Fate or destiny, are words I think about often today, some forty-three years after my older brother and I, had left the Vietnam War behind. My brother and I are exactly four years apart because we were born on the same day, four years apart. He lives in Illinois and I in Oklahoma. One thing I can say for sure, is that destiny sure kicked us around a lot.
My older brother was born in San Antonio Texas, and I in Waupun Wisconsin. Our parents also hailed from San Antonio. But when my brother and I were ages six and two, we ended up on the south side of Chicago. There we would live our lives until the Vietnam War Broke out.
In our early years my brother and I being four years apart, had nothing in common. Growing up he had his likes and friends, and I was the pesky little brother who was told to take a hike more than once. We would go our separate ways, until fate stepped in and changed our lives forever. We had no Idea that the Vietnam War would last long enough to see us both join the Marines, and be pulled into the war. It would be a war that would have a significant impact on American history. It would be a war that split a nation, as did the Civil War. Of course the Vietnam War split us only in ideology.
The war would bring my brother and me together in more ways than we could imagine. My older brother was on his second tour of duty, when I landed in Vietnam in July of 1970 for my tour. Again, fate stepped in, and my brother and I ran into each other at Da Nang Air Base, just before I was trucked out to my unit with Seventh Marines. I was an infantry Marine, and my brother a Crew Chief in CH-46 helicopters.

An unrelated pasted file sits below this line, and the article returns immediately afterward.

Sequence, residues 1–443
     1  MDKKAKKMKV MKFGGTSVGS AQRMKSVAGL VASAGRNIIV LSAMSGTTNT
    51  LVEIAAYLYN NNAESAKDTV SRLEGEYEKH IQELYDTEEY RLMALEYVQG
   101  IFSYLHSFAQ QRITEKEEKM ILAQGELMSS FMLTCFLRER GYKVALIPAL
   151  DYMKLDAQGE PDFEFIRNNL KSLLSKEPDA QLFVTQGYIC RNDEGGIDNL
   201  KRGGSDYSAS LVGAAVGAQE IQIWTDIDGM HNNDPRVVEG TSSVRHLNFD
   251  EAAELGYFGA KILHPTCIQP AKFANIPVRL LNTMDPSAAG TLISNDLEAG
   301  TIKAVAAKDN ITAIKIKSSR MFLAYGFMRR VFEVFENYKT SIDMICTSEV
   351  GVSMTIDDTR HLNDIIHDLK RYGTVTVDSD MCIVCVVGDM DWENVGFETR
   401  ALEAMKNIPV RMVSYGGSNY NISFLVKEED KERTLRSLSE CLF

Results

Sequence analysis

I would see my brother twice with my unit in the field, as both those times it was his chopper that was re-supplying us. Both times I signaled the chopper into the Landing zone, as my brother looked out the gunner’s door and spotted me. As I ran onto the bird to unload supplies, we had a few minutes for a quick hug and a thumb’s up. As the chopper lifted off, my brother stuck his head out the gunner’s door again and saluted, as I stood in the rotor wash in the LZ and returned his salute. Both times I was asked, “Who was that”, and both times I replied with great pride, “That was my brother!”
My brother and I would make it out of Vietnam. He after being shot down multiple times, and I, after being wounded in action twice. We both ended up In Okinawa for a few months together before he rotated back to the States. Our relationship from that point on again, had changed forever. We were now not only brothers, but fellow Marines, and fellow combat veterans of the Vietnam War. We would go our separate ways after the war, and not discuss the war with each other for over forty years. But our respect towards each other was that of two fellow Marines, who had fought in a war that American history would rather bury than speak of. It was a long and arduous road, and yet fate had seen us through.
Roger A. Sanchez Sr. @ Gunny’s Mail Call.Com